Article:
Lee Ranson, Eversheds Sutherland

U.K.-based Eversheds Sutherland has scrapped “formulaic” annual performance reviews for all staff—the latest firm to rethink its approach to performance management.

As part of the overhaul, which applies to all offices outside the U.S., the firm will introduce quarterly feedback sessions for all fee-earners and staff, and managers will be encouraged to discuss performance issues with their teams on a more regular basis.

Partners and other managers are being trained in the new approach, with management gauging opinion on the shift through two staff surveys so far.

“We’ve had very positive responses to the new system,” Eversheds Sutherland co-CEO Lee Ranson told The American Lawyer’s London-based sibling publication Legal Week. “The historical annual appraisal process was formulaic and involved a lot of paperwork. The process is more dynamic now and keeps people more engaged,”

Ranson said when developing the new performance review process, he thought back to what he had found helpful when he was a junior associate. It was partners who spent regular time with him and helped him to identify and develop what he was good at that made the most difference, he said.

“We expect people to come out of meetings and have time to talk to their colleagues about their performance. We were very keen to implement something that improved the individual’s development as well as the performance of the business as a whole.”

Earlier this year, Eversheds introduced reverse mentoring for its executive committee, with a view to expanding this to other partners in the future.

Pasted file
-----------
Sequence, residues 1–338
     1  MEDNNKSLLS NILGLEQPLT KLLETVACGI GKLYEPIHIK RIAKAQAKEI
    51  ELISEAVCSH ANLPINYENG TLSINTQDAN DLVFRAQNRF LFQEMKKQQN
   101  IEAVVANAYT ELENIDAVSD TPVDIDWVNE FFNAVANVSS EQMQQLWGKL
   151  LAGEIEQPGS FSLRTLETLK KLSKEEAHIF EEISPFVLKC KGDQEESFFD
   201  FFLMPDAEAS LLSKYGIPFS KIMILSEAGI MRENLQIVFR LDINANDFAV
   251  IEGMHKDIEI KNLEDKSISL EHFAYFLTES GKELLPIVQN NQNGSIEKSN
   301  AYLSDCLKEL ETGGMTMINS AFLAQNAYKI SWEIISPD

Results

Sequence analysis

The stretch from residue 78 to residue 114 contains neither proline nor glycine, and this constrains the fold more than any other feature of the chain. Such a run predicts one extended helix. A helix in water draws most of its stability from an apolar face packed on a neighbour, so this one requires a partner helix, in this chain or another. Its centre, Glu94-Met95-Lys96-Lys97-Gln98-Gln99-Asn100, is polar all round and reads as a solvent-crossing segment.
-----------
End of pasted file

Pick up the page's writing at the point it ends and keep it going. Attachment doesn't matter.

Last week, the firm posted double-digit increases in both revenue and profit per equity partner (PEP) for its legacy U.K. business during the 2017-18 financial year.

The firm boosted PEP by 12 percent from £726,000 ($971,352) to a record high of £812,000 ($1.09 million), while it took in revenues of £494.6 million ($661.75 million) during the last financial year—up 13 percent.

“We are very pleased with the results, which largely speak for themselves,” Ranson told Legal Week. “Our performance was strong across the whole international business. Our corporate and real estate practices had a particularly impressive year.”

Ranson said the results prove the firm’s growth strategy, which is based on a conscious effort to spend more time with clients to best serve their needs, is working. The firm’s subsequent lateral hiring strategy and office launches are in direct response to what the firm heard from clients, he said.

Eversheds is one of a number of firms currently shaking up their performance evaluation systems as more and more firms move away from the traditional annual structure for performance reviews. Hogan Lovells recently announced that it is scrapping annual feedback for associates in favor of a new program that directs associates to proactively seek input from partners and other colleagues about their performance throughout the year.

Meanwhile, Allen & Overy plans to move all of its staff to a new performance management scheme next year. And at the start of 2018, Slaughter and May overhauled its review system for associates, with performance scores dropped in favor of more ongoing feedback and mentoring by dedicated “continuity” partners.